Does the Gricean distinction between natural and non-natural meaning exhaustively account for all instances of communication?
Anne Reboul |
Institut de Sciences Cognitives, CNRS Lyon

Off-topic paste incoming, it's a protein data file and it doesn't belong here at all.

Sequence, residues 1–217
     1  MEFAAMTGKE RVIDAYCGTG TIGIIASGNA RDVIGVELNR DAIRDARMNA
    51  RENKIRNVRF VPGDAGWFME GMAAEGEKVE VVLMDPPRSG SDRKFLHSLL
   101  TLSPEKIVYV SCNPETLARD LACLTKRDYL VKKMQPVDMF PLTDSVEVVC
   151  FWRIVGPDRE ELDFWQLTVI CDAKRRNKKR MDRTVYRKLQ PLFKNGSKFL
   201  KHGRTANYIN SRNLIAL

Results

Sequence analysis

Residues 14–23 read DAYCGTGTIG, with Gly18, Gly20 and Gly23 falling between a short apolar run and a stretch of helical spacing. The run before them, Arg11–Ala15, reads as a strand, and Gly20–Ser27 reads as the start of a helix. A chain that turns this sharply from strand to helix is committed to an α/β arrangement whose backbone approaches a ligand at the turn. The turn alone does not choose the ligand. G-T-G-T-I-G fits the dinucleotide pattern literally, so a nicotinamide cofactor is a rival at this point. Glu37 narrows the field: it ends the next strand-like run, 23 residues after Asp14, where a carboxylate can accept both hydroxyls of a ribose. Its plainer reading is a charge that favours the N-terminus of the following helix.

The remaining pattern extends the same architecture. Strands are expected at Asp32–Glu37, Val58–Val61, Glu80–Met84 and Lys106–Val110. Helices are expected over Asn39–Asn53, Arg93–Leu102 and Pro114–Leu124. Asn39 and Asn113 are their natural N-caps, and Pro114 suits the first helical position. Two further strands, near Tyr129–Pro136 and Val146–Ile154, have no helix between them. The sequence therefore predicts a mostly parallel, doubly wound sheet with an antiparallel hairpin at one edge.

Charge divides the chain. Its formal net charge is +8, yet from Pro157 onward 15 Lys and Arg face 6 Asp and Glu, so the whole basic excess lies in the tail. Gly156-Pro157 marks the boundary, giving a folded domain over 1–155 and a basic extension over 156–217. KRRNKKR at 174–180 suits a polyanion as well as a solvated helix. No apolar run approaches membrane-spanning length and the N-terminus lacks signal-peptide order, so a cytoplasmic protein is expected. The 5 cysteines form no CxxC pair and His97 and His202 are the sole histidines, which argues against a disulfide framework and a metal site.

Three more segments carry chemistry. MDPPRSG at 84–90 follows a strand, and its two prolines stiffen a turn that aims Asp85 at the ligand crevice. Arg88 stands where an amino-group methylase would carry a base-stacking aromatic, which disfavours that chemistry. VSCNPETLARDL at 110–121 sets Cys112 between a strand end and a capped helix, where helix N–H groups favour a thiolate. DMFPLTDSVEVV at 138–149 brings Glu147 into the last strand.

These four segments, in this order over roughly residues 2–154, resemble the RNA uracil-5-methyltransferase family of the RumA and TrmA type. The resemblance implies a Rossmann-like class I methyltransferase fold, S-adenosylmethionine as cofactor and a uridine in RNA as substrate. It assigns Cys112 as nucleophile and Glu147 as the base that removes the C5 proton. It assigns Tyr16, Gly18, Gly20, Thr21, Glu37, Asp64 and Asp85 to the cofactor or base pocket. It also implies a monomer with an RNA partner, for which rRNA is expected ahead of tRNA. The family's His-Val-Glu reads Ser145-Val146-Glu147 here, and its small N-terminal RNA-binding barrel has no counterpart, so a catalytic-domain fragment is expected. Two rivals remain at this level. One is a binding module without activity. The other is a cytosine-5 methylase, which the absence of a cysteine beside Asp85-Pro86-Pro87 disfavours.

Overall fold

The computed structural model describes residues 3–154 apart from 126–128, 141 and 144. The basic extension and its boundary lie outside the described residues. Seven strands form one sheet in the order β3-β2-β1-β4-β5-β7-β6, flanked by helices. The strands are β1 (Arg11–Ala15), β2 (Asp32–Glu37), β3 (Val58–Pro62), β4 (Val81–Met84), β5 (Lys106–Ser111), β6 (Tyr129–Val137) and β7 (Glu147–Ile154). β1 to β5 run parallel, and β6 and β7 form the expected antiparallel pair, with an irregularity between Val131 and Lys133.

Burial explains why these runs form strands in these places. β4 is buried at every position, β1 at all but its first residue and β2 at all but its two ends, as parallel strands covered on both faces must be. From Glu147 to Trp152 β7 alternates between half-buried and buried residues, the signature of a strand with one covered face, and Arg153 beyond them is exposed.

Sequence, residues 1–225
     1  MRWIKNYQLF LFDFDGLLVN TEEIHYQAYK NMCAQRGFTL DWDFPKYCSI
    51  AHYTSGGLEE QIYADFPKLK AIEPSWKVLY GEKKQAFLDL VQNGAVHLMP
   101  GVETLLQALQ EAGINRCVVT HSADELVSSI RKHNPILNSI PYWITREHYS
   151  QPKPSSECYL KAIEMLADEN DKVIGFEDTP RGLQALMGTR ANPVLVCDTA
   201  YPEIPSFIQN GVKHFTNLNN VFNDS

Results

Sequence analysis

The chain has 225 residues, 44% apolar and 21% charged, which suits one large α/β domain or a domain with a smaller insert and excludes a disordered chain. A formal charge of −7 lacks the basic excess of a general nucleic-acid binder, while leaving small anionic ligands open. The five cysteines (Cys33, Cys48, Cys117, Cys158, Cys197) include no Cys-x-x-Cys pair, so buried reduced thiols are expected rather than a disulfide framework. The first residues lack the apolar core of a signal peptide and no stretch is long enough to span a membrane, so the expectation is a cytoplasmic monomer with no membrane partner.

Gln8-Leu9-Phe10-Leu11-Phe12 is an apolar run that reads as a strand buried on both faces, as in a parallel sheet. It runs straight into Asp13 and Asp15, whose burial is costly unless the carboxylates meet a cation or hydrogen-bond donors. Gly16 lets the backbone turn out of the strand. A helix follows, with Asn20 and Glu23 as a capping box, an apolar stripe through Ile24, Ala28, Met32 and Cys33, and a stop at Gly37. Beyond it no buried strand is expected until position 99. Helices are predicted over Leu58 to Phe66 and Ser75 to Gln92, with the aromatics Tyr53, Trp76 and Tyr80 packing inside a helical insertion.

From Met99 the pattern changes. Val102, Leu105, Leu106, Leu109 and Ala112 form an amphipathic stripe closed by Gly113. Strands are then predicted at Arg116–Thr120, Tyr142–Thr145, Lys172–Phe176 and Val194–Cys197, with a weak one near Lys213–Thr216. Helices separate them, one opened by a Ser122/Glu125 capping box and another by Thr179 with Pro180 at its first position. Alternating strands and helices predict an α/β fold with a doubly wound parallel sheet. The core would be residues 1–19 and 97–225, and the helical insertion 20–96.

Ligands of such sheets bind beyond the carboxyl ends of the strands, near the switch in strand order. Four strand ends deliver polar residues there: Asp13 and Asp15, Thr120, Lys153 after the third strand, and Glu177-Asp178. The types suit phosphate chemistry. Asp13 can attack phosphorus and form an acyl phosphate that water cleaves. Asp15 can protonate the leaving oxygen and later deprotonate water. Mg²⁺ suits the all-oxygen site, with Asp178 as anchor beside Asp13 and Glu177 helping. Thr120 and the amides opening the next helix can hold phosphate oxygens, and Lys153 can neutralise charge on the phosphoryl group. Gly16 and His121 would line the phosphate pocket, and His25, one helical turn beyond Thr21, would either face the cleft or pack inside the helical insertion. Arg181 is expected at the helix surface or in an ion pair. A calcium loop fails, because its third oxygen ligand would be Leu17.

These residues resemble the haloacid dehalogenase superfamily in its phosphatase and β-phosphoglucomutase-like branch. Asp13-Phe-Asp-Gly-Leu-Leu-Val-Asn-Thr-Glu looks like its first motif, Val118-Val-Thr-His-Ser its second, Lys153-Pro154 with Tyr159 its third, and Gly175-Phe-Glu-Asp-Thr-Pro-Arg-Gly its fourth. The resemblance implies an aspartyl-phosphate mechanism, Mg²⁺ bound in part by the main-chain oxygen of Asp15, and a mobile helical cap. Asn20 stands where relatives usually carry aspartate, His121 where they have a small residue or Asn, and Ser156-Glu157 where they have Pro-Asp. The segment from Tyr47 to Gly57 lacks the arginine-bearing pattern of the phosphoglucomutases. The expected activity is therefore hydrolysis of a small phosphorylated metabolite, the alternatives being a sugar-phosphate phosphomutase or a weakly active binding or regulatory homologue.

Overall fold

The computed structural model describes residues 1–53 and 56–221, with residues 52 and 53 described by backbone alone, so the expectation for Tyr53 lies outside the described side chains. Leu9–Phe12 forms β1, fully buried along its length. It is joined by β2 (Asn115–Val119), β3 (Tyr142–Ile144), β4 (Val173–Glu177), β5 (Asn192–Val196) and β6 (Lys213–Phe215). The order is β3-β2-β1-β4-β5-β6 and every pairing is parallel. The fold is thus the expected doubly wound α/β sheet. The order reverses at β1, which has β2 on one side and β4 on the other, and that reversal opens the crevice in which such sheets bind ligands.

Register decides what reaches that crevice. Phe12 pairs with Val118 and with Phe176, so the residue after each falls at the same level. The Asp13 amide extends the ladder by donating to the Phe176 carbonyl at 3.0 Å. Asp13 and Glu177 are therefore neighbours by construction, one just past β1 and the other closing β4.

The Gricean distinction between natural meaning and non-natural meaning has generally been taken to apply to communication in general. However, there is some doubts that the distinction exhaustively accounts for all instances of communication. Notably, some animal communication seems to be voluntary, though not implying double-barrelled intentions, i.e., falling neither under natural nor under non-natural meaning. Another worry is how the audience can distinguish between that kind of 1st order voluntary communication and non-natural meaning. The paper shows that the Gricean distinction is not exhaustive and that the second intention characteristic of non-natural meaning is presupposed on the basis of the cost of interpretation in linguistic communication given its semantic underdetermination.
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